Warning of the need for a consistent level of aviation safety after the United Kingdom leaves the European Union, the International Air Transport Association (IATA) is urging both sides to establish contingency plans in case they are unable to agree on a withdrawal agreement and a Brexit transition period.
The U.K. and the EU must move quickly to establish a framework for regulating aviation safety and security, as well as preventing interruptions in air transport services and putting in place policies and processes for efficient border management, IATA said Wednesday.
“These are the most critical areas because there are no fallback agreements … available in a ‘no-deal’ Brexit scenario,” IATA Director General and CEO Alexandre de Juniac said. “Without any contingency planning being made transparent to the industry, the risks of not addressing these issues could mean chaos for travelers and interrupted supply chains. With less than six months to go, we have little more certainty than we did in June 2016,” when U.K. voters endorsed leaving the EU.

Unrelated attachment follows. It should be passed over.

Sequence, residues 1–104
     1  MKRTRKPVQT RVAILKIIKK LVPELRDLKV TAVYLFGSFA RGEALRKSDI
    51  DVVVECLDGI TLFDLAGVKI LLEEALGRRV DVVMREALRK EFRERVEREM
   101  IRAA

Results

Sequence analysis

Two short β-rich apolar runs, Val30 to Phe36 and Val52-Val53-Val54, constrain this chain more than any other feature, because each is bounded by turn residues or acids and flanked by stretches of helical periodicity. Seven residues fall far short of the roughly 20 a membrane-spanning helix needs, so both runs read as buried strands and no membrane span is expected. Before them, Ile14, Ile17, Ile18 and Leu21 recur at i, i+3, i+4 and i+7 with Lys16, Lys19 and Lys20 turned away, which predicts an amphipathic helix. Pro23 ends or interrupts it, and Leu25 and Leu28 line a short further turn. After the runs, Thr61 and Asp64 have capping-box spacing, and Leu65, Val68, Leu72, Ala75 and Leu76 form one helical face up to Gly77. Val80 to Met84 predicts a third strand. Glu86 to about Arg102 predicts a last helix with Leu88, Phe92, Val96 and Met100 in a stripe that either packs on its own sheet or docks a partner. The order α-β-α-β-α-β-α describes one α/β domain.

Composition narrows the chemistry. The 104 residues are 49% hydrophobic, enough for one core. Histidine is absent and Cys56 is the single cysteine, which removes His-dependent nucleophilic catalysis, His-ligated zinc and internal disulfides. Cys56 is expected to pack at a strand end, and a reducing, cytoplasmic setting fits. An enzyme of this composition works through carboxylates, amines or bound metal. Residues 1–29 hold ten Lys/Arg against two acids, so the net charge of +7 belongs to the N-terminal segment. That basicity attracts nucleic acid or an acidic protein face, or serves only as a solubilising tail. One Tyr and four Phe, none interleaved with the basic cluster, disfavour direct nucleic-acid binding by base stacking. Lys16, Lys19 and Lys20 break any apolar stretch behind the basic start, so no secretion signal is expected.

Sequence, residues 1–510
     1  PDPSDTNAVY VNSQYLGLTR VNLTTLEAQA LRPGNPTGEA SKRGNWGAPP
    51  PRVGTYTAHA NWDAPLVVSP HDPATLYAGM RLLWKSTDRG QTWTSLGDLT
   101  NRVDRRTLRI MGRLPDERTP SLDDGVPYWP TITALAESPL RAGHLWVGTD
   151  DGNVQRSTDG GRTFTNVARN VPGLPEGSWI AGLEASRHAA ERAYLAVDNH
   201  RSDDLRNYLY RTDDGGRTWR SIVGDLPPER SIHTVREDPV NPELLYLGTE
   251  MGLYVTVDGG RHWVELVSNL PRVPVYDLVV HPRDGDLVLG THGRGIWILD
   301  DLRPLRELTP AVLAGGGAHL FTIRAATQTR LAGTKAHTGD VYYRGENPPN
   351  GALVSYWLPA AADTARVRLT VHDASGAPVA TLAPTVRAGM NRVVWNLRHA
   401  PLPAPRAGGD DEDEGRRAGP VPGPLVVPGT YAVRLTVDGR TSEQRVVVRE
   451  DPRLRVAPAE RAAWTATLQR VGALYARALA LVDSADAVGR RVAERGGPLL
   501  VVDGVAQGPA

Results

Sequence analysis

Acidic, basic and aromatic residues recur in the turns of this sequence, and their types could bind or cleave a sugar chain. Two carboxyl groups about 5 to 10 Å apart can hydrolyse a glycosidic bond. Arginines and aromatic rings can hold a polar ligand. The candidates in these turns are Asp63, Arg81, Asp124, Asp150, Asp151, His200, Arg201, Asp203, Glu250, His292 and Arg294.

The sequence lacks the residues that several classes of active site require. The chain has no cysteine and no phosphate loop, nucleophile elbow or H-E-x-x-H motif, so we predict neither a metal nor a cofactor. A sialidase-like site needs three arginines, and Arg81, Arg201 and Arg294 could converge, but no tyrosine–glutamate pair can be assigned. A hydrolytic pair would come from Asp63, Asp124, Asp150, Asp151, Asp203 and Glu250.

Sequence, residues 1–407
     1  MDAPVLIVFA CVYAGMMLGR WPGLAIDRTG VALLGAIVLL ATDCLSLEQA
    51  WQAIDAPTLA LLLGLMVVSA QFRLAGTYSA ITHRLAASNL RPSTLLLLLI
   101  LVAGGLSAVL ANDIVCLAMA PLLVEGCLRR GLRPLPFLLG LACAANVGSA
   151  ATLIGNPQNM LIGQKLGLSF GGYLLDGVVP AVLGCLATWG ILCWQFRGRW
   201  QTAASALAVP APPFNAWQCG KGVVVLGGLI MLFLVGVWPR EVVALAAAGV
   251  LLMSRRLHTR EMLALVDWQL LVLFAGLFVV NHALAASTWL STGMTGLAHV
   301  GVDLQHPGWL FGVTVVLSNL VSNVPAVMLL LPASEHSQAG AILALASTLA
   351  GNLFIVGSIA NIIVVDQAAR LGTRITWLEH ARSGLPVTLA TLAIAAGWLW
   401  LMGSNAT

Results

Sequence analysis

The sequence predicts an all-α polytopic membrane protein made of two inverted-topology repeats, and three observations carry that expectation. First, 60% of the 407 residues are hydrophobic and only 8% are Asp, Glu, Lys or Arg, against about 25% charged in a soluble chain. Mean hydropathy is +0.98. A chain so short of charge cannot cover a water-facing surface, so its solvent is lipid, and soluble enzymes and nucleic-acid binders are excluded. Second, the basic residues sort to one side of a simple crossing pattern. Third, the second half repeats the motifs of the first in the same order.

In recent months, the U.K. and the EU have been attempting to reach agreement on how to handle the withdrawal. If they fail, the U.K.’s departure from the EU would occur abruptly on March 29, without a transition period. In that case, a significant disruption in air services would be likely, IATA said.
“The safety and security framework for connectivity between the UK and EU is complex [and] comprehensive, and delivering world-class levels of performance [is] the industry’s number one priority,” IATA said. “There can be no compromise to keeping passengers and shipments safe and secure.”
IATA called for the U.K. to remain in the European Aviation Safety Agency (EASA) after withdrawal from the EU, “at least as a third-country member,” and recommended that EASA and the U.K. Civil Aviation Authority conduct technical discussions on their future relationship.
“Mutual recognition of professional licenses, standards for materials and parts, and other safety elements should be put in place to come into effect immediately after March,” IATA said.